final case class Both[+E](left: Cause[E], right: Cause[E]) extends Cause[E]
}

Using the Cause data structure described above, ZIO can capture all errors inside the application.

Cause Variations

There are several causes for various errors. In this section, we will describe each of these causes. We will see how they can be created manually or how they will be automatically generated as the underlying error management data type of a ZIO application.

Empty

The Empty cause indicates the lack of errors. We use Cause.empty constructor to create an Empty cause. Using ZIO.failCause we can create a ZIO effect that has an empty cause:

import zio._

ZIO.failCause(Cause.empty).cause.debug

Also, we can use ZIO#cause to uncover the underlying cause of an effect. For example, we know that ZIO.succeed(5) has no errors. So, let's check that:

ZIO.succeed(5).cause.debug
// Empty

ZIO.attempt(5).cause.debug
// Empty

Fail

The Fail cause indicates the cause of an expected error of type E. We can create one using the Cause.fail constructor:

import zio._

ZIO.failCause(Cause.fail("Oh uh!")).cause.debug

Let's uncover the cause of some ZIO effects especially when we combine them:

import zio._

ZIO.fail("Oh uh!").cause.debug
// Fail(Oh uh!,Trace(Runtime(2,1646395627),Chunk(<empty>.MainApp.run(MainApp.scala:3))))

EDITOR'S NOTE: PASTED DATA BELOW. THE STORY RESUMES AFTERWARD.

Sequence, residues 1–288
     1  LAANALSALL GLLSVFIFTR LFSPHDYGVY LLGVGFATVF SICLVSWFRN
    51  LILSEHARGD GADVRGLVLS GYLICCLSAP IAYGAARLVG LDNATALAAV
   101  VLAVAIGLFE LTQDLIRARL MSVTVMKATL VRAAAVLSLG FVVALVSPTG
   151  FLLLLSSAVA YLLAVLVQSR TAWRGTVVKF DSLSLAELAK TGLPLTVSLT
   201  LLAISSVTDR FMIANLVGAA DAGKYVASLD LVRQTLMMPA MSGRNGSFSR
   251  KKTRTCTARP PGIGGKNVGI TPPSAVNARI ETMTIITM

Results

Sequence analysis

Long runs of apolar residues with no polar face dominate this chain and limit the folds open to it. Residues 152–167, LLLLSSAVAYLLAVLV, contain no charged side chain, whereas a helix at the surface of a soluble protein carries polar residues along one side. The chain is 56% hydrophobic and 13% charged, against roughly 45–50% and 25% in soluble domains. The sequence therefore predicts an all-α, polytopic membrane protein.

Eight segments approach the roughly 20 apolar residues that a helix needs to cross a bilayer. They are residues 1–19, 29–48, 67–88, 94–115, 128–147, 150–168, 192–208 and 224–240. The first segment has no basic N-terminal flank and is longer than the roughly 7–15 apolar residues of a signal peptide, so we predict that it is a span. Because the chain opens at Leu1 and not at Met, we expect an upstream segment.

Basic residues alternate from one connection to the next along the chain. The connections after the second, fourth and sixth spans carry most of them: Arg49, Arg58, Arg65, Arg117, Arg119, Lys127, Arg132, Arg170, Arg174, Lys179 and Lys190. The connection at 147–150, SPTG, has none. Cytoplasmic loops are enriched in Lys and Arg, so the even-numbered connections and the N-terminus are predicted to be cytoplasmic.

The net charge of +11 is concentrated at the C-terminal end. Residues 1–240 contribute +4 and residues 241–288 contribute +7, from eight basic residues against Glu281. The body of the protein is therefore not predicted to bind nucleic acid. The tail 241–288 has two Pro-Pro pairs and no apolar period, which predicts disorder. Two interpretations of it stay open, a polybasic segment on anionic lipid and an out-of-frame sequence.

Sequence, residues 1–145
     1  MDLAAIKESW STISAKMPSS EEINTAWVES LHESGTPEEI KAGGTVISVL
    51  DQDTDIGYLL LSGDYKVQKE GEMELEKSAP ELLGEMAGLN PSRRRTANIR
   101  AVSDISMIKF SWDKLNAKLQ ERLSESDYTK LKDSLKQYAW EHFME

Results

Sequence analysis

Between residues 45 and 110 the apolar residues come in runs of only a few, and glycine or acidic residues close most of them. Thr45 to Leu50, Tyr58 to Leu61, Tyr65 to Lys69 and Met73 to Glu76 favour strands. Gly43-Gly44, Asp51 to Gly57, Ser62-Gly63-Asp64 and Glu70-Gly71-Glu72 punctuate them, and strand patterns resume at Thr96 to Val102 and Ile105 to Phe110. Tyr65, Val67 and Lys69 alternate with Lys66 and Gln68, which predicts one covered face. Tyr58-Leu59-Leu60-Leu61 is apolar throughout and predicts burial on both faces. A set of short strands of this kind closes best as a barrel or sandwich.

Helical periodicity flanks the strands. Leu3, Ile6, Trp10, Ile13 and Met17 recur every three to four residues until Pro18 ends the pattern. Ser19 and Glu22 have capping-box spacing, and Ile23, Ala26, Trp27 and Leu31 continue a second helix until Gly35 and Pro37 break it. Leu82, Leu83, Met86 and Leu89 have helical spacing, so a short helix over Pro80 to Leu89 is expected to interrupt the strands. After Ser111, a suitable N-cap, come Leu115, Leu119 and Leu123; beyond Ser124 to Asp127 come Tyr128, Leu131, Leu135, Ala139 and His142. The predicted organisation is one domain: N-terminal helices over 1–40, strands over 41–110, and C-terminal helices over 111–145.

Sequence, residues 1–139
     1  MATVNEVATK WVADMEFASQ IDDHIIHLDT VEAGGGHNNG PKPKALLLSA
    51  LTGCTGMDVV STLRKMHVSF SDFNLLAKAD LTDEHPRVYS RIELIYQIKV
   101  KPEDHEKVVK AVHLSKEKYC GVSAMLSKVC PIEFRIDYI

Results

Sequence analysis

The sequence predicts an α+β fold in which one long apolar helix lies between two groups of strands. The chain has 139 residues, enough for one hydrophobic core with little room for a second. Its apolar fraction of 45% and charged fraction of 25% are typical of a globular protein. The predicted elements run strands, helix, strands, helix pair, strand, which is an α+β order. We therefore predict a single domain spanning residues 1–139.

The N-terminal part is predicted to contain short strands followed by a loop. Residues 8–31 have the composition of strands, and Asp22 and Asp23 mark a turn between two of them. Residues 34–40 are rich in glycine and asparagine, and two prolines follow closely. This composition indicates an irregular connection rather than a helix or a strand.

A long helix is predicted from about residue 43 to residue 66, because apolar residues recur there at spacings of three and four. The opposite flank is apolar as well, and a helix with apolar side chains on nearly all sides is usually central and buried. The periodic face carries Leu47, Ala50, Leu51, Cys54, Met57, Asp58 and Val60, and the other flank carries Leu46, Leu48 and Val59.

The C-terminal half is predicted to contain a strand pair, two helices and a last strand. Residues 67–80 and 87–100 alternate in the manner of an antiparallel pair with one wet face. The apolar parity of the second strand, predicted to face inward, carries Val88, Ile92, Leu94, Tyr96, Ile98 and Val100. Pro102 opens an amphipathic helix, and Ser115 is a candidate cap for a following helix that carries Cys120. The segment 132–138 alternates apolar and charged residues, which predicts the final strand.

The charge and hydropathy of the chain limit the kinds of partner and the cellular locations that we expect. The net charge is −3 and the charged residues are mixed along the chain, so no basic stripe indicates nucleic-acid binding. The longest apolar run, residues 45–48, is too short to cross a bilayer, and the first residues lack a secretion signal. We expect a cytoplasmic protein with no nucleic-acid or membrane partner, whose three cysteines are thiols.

(ZIO.fail("Oh uh!") *> ZIO.dieMessage("Boom!") *> ZIO.interrupt).cause.debug
// Fail(Oh uh!,Trace(Runtime(2,1646396370),Chunk(<empty>.MainApp.run(MainApp.scala:6))))

(ZIO.fail("Oh uh!") <*> ZIO.fail("Oh Error!")).cause.debug
// Fail(Oh uh!,Trace(Runtime(2,1646396419),Chunk(<empty>.MainApp.run(MainApp.scala:9))))

val myApp: ZIO[Any, String, Int] =
for {
i <- ZIO.succeed(5)
_ <- ZIO.fail("Oh uh!")
_ <- ZIO.dieMessage("Boom!")
_ <- ZIO.interrupt
} yield i
myApp.cause.debug

Die

The Die cause indicates a defect, an unexpected failure of type Throwable. It contains the stack trace of the defect that occurred. We can use Cause.die to create one:

import zio._

ZIO.failCause(Cause.die(new Throwable("Boom!"))).cause.debug

If we have a bug in our code and something throws an unexpected exception, that information would be described inside a Die. Let's try to investigate some ZIO code that will die: